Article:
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Most severe crisis since the great depression

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and here is President Bush has to say this morning (source: yahoo):

“We are working to reduce disruptions and minimize the impact of these financial market developments on the broader economy,” Bush said in the Rose Garden, choosing to address the market turmoil at the top of an appearance with visiting Ghanian President John Kufuor. “The policymakers will focus on the health of the financial system as a whole,” Bush said.

In the weekend, the No. 4 US invesetment bank Lehman Brothers went under, the No. 3. US investment bank Merrill Lynch was bought by Bank of America under recommendation by Fed (Bloomberg news). The goal was to make the buck stop at the Merrill. No one wants to see the No. 1 Goldman and No. 2 Morgan Stanley go under.

But they only got a temporary break. The focus now is on AIG and Washington Mutual. The problem for GS and MS, with BoA got Merrill, no company in the world has the resource to buy GS/MS without any goverment help. And the US goverment set a precedent they are not going to bail out anyone (Lehman, for example).

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Weekend thoughts w/e Apr 19 2008

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Currency effects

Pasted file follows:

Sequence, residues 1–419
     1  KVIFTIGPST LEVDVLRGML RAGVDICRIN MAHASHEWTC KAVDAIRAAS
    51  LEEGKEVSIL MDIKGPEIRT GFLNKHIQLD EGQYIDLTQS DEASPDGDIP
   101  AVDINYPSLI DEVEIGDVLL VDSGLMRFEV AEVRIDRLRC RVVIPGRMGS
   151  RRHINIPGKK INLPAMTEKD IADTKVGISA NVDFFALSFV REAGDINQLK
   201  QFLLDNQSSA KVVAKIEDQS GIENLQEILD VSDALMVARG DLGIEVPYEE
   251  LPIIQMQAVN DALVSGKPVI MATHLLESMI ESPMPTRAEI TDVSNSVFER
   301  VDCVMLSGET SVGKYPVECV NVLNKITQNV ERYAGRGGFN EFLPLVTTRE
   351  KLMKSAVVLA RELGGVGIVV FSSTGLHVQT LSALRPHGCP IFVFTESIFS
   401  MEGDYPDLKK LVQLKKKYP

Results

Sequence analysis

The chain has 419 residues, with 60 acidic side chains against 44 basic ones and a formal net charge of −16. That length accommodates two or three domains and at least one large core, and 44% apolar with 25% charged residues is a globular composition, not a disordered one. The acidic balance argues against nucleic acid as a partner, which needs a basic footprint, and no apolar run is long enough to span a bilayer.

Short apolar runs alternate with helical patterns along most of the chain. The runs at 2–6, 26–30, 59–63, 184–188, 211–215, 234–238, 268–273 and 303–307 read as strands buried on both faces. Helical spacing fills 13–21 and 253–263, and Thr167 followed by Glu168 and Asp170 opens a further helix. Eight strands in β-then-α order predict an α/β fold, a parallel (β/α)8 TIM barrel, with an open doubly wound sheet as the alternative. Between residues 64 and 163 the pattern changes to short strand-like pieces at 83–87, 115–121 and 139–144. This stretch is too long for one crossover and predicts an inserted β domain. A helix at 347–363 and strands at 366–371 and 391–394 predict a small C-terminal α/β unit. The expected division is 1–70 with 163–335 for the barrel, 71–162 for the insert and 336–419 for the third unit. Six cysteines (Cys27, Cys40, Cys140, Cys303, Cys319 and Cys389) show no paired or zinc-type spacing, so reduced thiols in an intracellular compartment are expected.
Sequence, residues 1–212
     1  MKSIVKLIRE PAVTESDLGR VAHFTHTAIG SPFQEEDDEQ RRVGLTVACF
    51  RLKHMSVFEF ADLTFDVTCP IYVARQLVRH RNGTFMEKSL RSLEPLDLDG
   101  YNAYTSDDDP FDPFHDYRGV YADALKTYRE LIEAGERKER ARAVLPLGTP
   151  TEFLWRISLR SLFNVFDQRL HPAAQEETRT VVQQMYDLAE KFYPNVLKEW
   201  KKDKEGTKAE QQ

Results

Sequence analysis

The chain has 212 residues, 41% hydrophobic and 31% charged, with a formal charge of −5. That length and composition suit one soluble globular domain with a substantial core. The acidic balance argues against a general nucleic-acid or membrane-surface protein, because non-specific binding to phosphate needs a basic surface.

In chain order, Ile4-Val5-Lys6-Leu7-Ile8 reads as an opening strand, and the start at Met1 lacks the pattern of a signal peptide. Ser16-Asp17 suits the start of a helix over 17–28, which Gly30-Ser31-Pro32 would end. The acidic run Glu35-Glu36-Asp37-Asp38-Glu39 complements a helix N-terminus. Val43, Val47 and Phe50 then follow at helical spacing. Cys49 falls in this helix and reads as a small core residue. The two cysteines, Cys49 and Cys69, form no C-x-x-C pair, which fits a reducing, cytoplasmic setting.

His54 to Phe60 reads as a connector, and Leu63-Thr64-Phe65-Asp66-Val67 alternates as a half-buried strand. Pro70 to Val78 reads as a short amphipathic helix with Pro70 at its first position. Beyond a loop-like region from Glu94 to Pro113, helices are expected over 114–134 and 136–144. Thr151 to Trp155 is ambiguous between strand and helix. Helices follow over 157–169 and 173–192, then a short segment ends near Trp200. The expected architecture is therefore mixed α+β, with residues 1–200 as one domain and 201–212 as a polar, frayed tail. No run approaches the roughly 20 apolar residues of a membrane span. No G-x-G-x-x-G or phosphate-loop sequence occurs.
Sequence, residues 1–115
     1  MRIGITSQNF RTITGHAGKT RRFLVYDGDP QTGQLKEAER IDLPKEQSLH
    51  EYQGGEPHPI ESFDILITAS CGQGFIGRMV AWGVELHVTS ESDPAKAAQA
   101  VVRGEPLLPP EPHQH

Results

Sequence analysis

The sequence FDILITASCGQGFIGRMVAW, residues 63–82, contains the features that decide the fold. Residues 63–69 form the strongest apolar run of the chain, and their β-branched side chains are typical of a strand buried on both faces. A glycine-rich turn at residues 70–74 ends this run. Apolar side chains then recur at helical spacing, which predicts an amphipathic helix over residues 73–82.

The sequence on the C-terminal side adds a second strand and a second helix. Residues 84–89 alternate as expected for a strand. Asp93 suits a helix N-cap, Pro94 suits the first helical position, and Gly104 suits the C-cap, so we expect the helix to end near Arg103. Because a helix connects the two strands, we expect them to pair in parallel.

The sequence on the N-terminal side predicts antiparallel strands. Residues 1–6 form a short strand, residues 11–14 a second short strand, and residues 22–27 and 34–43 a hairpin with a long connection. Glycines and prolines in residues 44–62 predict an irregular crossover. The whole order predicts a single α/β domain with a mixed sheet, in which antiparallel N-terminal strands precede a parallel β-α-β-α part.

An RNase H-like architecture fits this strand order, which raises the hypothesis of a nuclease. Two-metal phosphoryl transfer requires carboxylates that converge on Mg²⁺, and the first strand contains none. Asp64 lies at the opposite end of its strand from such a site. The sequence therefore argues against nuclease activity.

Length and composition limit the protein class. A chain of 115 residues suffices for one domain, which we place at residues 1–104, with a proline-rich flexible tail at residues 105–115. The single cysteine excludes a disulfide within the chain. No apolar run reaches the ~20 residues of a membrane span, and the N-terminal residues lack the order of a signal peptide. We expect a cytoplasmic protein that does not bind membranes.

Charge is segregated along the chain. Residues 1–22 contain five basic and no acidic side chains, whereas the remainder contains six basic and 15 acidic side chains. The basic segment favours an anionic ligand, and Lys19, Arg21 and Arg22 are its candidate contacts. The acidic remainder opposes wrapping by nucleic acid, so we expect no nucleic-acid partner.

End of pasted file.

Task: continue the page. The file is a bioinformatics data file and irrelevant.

While we are heading to $4 gas (partly thanks the weak dollar), not all are victims of this trend. Think Google or IBM. Google (GOOG) and IBM reported blow out earning, while cell phone maker Nokia (NOK) reported so-so earning (or outlook) last week. One key difference is the reported currency, Google and IBM reported results in USD, while NOK reported in Euro. We all know Dollar lost a lot ground to Euro in past year, since GOOG and IBM did a lot business in Europe (and internationally), their earning and earning growth is exaggerated by the depreciation of dollar. Nokia is hit by the opposite force. A more important question to ask is: can the dollar continue to slide vs. other currencies? Personally I would not bet on GOOG or IBM if their growth is mostly from the currency effect

ICBC, Goldman Sachs, China Invest Co. and Blackstone

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Goldman Sachs failed Chinese test

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Week in review 09/16 to 09/22

0) Sept 22 is “no car day” in many Chinese cities. Individual car owners are encouraged to take public transportation. I saw some volunteers on Zhongshan park metro station.

1) According to China Capital week, 中文难倒高盛, Goldman Sachs senior executive, Malysian Chinese Richard Ong, failed the Chinese test administrated by CSRC. Because of that Mr. Ong can not take the top postion of Goldman China.

2) US federal reserve hikes interest rate by 50 points. Higher than many people expected. The more important question investor should ask: is Mr. Bernanke trying to rescue the market, or the economy?

3) You got the RMB, we got the IPOs. To contain the excessive liquidity in China, the CSRC recently approved the Haigui IPO of 3 big state owned companies: China construction bank, Sheng Hua Coal, and Petro China.

The reason people called it Haigui is, those stocks have been listed in Hongkong Stock Exchange for a while. Now they are returning to the Shanghai A share market, at a much higher price compared to the price listed in HK a few years ago.